Sunday, December 28, 2014

Pride: The Movie; Militant Homosexuals March in Great Britain and on Michigan’s Upper Peninsula

By Nicholas Stix

I thank the UP friend who forwarded this e-mail to me writing,
Note the description of this ‘heart-warming’ British flic. I’ll give it a pass.
‘They’ really are on the march….

Be very careful about movies that claim to be true stories. I have no idea what connection to reality this movie has.

FW: PFT Film: "Pride" on Fri. 1/2 & SAT. 1/3 -- a funny, heart-warming British film!

From: Petoskey Film []
Sent: Sunday, December 28, 2014 1:32 PM
To: Petoskey Film
Subject: PFT Film: "Pride" on Fri. 1/2 & SAT. 1/3 -- a funny, heart-warming British film!

Dear film lovers,

Here's the information on this week's film "Pride" showing Friday and SATURDAY this week.

(No Wed. showing this week. Happy New Years!). "Pride" is nominated for a Golden Globe Award for Best Comedy or Musical and is a big hit with both critics and audiences alike!

"Pride" is inspired by an extraordinary true story. It's the summer of 1984, Margaret Thatcher is in power and the National Union of Mineworkers is on strike, prompting a London-based group of gay and lesbian activists to raise money to support the strikers' families. Initially rebuffed by the Union, the group identifies a tiny mining village in Wales and sets off to make their donation in person. As the strike drags on, the two groups discover that standing together makes for the strongest union of all...

Hope you'll come join us for a night out at the movies!

Craig Stutzky
Petoskey Film Theater


The film is funny, warm-hearted and enormously satisfying.
The Hollywood Reporter
Reviewed by: David Rooney

It's feel-good, no question about it. But it's also absorbing, important and inspiring
Arizona Republic
Reviewed by: Bill Goodykoontz

Quite simply, one of the best movies of the year so far.
San Francisco Chronicle
Reviewed by: Michael Ordona

It’s a joyous film, full of love and warmth but unafraid to admit that with sticking out your neck comes struggle and sorrow. Truly lovely.
Time Out London
Reviewed by: Dave Calhoun

Friday 1/2 and SATURDAY 1/3
7:30 pm
Rated R 2014 120 min.
Petoskey District Library,
Carnegie Bldg. (451 E. Mitchell St.,
next to Arts Center)
Donations are appreciated
PFT Movie Hotline: 758-3108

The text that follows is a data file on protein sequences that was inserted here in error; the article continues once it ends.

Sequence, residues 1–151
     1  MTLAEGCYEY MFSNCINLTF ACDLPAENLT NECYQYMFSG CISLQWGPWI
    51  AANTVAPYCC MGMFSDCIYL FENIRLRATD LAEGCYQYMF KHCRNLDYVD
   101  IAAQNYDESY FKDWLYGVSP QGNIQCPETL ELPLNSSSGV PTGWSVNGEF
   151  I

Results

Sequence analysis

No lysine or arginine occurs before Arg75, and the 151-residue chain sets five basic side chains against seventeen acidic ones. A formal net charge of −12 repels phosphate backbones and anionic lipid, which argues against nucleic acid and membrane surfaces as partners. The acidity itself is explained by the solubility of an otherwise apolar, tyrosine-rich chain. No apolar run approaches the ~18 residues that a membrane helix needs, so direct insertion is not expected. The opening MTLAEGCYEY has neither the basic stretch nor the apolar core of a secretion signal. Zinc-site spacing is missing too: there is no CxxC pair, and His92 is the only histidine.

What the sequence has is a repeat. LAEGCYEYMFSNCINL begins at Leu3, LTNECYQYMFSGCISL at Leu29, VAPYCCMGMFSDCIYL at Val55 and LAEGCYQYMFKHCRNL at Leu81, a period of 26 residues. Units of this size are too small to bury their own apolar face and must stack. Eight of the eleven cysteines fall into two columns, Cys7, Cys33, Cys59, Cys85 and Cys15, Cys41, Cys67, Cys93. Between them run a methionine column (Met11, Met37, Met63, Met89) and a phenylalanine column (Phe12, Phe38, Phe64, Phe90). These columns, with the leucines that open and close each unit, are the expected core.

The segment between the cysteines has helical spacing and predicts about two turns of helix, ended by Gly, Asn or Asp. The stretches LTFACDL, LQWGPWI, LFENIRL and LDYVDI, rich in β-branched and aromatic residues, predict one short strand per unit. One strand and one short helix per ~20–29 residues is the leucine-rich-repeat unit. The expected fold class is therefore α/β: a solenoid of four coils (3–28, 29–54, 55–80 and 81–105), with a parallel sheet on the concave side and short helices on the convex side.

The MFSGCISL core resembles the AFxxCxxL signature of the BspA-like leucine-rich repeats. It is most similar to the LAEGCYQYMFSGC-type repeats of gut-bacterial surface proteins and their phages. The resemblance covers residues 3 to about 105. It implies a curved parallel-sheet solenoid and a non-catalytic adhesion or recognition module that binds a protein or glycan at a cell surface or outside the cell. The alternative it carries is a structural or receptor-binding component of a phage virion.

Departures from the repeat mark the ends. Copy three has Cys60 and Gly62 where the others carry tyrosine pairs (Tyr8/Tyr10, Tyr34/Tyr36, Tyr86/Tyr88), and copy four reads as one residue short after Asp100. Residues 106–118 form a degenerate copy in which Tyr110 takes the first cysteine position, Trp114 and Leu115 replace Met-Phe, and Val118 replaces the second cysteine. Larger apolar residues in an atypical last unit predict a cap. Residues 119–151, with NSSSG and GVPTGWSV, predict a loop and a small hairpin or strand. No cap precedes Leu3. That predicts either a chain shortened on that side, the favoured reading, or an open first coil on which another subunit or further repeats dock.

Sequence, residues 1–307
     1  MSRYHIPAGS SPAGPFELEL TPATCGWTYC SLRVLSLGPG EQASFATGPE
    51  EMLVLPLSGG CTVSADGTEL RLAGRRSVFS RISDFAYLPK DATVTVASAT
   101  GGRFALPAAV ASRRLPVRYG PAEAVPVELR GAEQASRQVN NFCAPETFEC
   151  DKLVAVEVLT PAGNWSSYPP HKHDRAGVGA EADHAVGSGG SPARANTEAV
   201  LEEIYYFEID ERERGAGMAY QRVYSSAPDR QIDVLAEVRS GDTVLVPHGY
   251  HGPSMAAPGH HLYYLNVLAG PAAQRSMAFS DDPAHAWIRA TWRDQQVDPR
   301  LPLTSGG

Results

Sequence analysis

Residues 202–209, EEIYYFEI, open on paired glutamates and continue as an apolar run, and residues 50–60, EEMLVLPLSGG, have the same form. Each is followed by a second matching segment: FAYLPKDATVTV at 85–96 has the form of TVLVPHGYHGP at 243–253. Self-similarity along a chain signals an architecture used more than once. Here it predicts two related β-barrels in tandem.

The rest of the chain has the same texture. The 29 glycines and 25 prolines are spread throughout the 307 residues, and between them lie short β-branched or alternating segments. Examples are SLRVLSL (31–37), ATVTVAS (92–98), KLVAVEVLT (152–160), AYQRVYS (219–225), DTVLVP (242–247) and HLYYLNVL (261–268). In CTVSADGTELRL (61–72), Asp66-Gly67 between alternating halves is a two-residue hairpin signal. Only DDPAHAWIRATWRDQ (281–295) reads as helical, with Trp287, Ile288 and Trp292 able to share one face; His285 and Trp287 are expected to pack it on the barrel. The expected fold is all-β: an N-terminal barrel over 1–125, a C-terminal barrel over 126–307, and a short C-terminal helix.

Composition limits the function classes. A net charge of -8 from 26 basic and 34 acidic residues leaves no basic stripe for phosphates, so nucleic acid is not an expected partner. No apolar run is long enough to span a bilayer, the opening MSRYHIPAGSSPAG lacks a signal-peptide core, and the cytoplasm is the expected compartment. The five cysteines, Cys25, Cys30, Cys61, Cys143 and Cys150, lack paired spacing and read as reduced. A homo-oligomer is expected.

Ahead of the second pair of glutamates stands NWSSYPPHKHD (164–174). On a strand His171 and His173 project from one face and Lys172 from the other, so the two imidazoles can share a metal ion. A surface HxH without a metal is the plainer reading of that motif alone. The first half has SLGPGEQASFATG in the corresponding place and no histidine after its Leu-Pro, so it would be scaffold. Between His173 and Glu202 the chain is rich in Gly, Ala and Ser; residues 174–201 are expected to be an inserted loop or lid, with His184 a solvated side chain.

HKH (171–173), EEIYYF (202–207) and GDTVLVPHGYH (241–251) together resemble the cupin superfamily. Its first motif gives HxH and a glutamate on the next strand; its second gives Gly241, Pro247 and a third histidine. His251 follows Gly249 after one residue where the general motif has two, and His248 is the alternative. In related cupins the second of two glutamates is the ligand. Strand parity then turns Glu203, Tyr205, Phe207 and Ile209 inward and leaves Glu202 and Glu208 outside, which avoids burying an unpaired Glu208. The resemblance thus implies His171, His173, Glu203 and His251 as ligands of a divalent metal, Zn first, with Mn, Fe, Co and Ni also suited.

It says something that 30 years after the events it depicts, Pride should feel so unexpectedly rousing. People cooperating across ideological lines? Finding common cause with folks they don't 100 percent agree with? What a concept.
Reviewed by: Bob Mondello

New York Magazine (Vulture)
Reviewed by: David Edelstein
What a cast Pride has — some of the best famous actors in Britain and lesser-known younger ones that will (soon) take their place in the firmament.

The New York Times
Reviewed by: Stephen Holden
It is the kind of hearty, blunt-force drama with softened edges that leaves audiences applauding and teary-eyed

Los Angeles Times
Reviewed by: Kenneth Turan
Pride is an unapologetic crowd-pleaser of a movie, but it has some potent points to make, and the reality of what happened has a power of its own

Chicago Sun-Times
Reviewed by: Bill Zwecker
This film moves effortlessly from some pretty intense dramatic moments to hilarious scenes showcasing the contrasting lifestyles of the gay and straight worlds to some vignettes of incredible poignancy.

Reviewed by: James Berardinelli
Pride will get viewers cheering while reflecting upon how far we have come in 30 years… and how far we have yet to go.
Reviewed by: Odie Henderson
The Brits do this type of crowd-pleaser far better than Hollywood, if only because films like “The Full Monty” and “Billy Elliot” were unafraid to temper sweetness with darker elements of reality.

New York Observer
Reviewed by: Rex Reed
A joyous, well-researched and liberating film in the feel-good spirit of "Billy Elliot," "The Full Monty" and "Calendar Girls."


Anonymous said...

My experiences through the years with male homosexuals is that they can be misogynist. Women often find them warm and fuzzy, but gays can be vicious, amoral and vindictive. As a woman I consider myself not only a racial realist, but a gay realist also.

Anonymous said...

Anon: we are not all that way. I know exactly the type you are talking about. I avoid them at all costs.